Car Buyers' Guide: Time for a swift change
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Chris ponders alternatives to what would be his third Suzuki Swift
Up to $30,000
Chris is on to his second Suzuki Swift, doesn’t want to wait for a new model to come to market, and so is thinking about other replacement options.
“On the shopping list are the Mazda2 and the Kia Soul, while the Toyota Prius hybrid is another possible option,” he says.
That’s a diverse range of vehicles to choose from. The Mazda2 is the most conventional of the three, and the Soul and the Prius are total opposites in terms of points of difference.
The Soul is a funky looking vehicle with a “here for a good time” look about it, while the Prius has a little more of a “don’t judge me on looks alone” persona. The all-new Prius has gone a long way to addressing those past bland exterior looks but sadly, in your price range you’ll have to look at the previous generation.
Mazda2 Limited ($28,845)
One of the Mazda2’s biggest competitors would, I imagine, have to come from the same stable. The CX-3 has that popular SUV presence about it which could easily encourage showroom traffic to have a rethink if they were considering the 5-door hatch option.
Consider, yes, by all means, but don’t lose sight of the overall package that the 1.5L (81kW) Mazda2 Limited offers.
One of the many highlights is the i-Activ safety package which includes blind-spot monitoring, high-beam control, smart city brake support, rear cross-traffic alert and lane departure warning. It’s a lot of motor vehicle for the price tag.
Like the Swift, rear seat passengers may find space a little squeezed while rear cargo space is not overly generous.
Kia Soul (SRRP from $26,990)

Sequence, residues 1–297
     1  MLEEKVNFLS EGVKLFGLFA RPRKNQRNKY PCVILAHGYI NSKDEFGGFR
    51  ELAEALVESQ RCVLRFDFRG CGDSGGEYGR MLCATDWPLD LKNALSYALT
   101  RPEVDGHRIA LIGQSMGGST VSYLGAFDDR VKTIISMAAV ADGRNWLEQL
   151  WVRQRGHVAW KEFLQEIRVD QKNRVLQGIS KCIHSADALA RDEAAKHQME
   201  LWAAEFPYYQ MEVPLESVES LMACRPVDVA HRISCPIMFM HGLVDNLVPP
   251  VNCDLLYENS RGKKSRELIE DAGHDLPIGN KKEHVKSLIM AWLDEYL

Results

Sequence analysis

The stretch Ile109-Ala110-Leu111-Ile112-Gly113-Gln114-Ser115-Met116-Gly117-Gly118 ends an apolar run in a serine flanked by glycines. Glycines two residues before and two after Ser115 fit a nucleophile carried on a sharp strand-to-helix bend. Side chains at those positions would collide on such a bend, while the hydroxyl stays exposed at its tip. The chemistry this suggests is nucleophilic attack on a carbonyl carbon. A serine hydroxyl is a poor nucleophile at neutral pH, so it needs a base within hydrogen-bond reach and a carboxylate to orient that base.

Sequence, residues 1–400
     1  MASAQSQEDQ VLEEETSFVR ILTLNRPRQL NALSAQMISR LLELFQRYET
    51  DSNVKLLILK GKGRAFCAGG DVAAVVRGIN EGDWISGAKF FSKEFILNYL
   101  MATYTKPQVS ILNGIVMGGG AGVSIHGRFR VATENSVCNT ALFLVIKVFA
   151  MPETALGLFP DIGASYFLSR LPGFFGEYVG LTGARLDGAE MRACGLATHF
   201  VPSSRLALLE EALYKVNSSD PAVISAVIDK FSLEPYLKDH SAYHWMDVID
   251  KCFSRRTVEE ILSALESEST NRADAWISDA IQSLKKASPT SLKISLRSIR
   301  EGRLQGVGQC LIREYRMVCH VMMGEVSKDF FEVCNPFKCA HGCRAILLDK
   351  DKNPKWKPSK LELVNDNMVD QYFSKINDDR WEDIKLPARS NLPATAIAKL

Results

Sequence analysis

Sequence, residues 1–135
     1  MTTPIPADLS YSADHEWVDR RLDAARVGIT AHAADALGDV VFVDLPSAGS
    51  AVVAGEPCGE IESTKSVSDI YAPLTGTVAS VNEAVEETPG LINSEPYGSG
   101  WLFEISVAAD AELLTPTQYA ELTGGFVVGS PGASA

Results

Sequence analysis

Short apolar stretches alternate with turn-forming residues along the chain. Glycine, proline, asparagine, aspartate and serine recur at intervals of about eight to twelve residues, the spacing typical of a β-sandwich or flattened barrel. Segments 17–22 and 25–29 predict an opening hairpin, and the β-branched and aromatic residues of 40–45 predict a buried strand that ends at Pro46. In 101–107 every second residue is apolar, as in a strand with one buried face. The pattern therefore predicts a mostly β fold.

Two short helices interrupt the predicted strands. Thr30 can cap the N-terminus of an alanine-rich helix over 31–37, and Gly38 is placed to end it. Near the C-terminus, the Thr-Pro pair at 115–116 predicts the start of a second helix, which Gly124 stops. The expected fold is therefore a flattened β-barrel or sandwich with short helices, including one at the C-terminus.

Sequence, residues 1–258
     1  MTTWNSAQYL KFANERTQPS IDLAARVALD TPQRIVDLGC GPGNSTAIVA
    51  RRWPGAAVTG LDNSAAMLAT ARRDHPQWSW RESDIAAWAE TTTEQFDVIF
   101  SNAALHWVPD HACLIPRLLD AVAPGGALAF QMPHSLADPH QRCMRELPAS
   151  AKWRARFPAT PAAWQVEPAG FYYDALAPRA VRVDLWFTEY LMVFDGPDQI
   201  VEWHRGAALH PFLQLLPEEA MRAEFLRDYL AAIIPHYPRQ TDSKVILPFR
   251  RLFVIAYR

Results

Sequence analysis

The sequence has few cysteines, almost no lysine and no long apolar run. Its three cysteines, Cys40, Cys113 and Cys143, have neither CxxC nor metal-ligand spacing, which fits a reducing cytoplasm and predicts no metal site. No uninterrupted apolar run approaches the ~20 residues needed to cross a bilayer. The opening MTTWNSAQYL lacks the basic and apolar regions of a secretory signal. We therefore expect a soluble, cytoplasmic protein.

Kia has started the year strongly sales-wise with sharp and competitive pricing to match a good all-round product range. The Soul is no exception. It’s apparently in hot demand and short supply.
The 1.6L SX model has a special recommended retail price of $29,990 (normally $33,490) and the base model Urban variant has also been discounted to $26,990 (down from $32,490).
Both share the same engine (91kW) and 6-speed transmission along with 18-inch alloy wheels, reverse camera, heated mirrors, fog lights and roof rails.
The SX upgrades include composite leather trim, electric driver’s seat with 8-way adjustment, climate air-conditioning and folding mirrors. Built for its quirky looks rather than high performance, it appeals to those who like to be a little different and not go unnoticed.
The Toyota Prius C.
The hybrid concept is brilliant but it has not been turned into large retail sales for the Prius. Sales have been strongest from either large corporates wanting to wave the environmental flag or taxi drivers who do most of their driving in the busy main city centres and see value in the money saved at the pump more than anything else.
With a claimed combined fuel consumption of just 3.9L/100km the Prius looks good on paper but those figures will not be realised if there is a mixture of open road and inner city driving.
Being a popular cab, the Prius doesn’t lack for interior space while servicing costs should be similar to a conventional petrol-powered vehicle.
You could maybe look at the smaller Prius c GX which you could purchase new. It’s a much sportier looking vehicle but struggles to match the Mazda or Kia in terms of overall specification levels. You are buying into the hybrid technology rather than additional features and benefits.
Take your time and consider resale values if you turn your vehicles over on a regular basis.